Ossoff's team forwarded at least four questions the senator planned to ask, including one about the need to protect poll workers from possible violence or intimidation that included a suggested answer endorsing Ossoff's new legislation.
"Election workers are vital to free and fair elections," Schaumberg wrote, providing DOJ with the senator's "wind up," followed by his planned question and the answer he expected to elicit. "That is why, earlier this week, I introduced legislation to expand and strengthen protections for election workers, as well polling places and other election infrastructure, which is included in the John Lewis bill.
"Question: Do you expect these threats to continue to grow and why is it important to expand current protections in the law?
"Expected Answer: It's critical that the law protects the full complement of people involved in ensuring elections are run smoothly. That means expanding current protections for election officials to make sure they [sic] law also protects their families, volunteer election workers, and the people who set up and maintain voting equipment.
"It also means protecting polling places and other infrastructure involved in voting, like tabulation centers. That's why inclusion of your legislation a critical part of the John Lewis bill."
Video of the hearing shows Ossoff asked some of the questions almost exactly as presented in the email, and Clarke's answer to the poll workers protection question closely followed the script, even endorsing the senator's legislation while adding some actions her boss, Attorney General Merrick Garland, took.
"We know that threats, harassment of poll workers and election officials is a real issue," Clarke answered at the hearing. "And we also know these individuals work tirelessly to run elections in our country. And Americans deserve a process which is fair and open, and poll workers and elections officials who conduct these elections in their communities deserve to be able to do their job free from harassment.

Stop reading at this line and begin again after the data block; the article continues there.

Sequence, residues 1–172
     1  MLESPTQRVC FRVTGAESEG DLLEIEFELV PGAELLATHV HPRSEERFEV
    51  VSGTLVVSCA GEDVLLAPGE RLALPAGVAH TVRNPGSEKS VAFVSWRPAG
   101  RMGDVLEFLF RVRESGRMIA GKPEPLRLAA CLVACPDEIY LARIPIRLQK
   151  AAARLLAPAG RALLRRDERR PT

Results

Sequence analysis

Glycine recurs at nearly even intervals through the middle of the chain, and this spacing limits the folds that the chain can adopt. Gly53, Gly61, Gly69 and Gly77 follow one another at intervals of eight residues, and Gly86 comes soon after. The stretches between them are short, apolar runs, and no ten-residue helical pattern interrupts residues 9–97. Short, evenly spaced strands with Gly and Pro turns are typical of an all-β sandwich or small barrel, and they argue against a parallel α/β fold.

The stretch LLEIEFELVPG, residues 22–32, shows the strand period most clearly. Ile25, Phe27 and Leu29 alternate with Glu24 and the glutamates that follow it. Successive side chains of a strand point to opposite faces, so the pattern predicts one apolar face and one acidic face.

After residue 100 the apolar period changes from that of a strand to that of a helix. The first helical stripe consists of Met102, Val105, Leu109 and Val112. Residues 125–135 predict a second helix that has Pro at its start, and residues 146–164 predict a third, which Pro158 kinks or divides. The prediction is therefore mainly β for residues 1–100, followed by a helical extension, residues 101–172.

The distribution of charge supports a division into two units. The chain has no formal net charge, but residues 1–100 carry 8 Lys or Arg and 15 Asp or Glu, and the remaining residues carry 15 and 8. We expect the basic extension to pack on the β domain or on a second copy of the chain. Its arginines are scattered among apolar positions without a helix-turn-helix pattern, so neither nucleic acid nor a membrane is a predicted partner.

"The attorney general has convened an elections threat task force to deal with this issue, and the department welcomes the provisions of this bill which would put in place important protection to counter this very real threat."
The DOJ and Ossoff's office did not immediately return calls seeking comment.
Republicans and outside experts said the emails provide a troubling example of a senator coordinating questions rather than conducting independent congressional oversight.
Some alluded to an episode in the 2016 election in which CNN contributor Donna Brazile leaked a potential question to Hillary Clinton's campaign during a town hall broadcast. Brazile later apologized, writing in an essay she would "forever regret" her actions. CNN dropped Brazile, but Fox News immediately picked her up despite the controversy.
"We senators ought to take our constitutional duty of oversight very seriously," Sen. Charles Grassley (R-Iowa), ranking member of the Senate Judiciary Committee, told Just the News. "Coordinating friendly questions and answers with the agency in advance of hearings might serve your political interests, but it fails to improve accountability to the taxpayer.
"When it comes to oversight, we should be playing hard ball, not tee ball."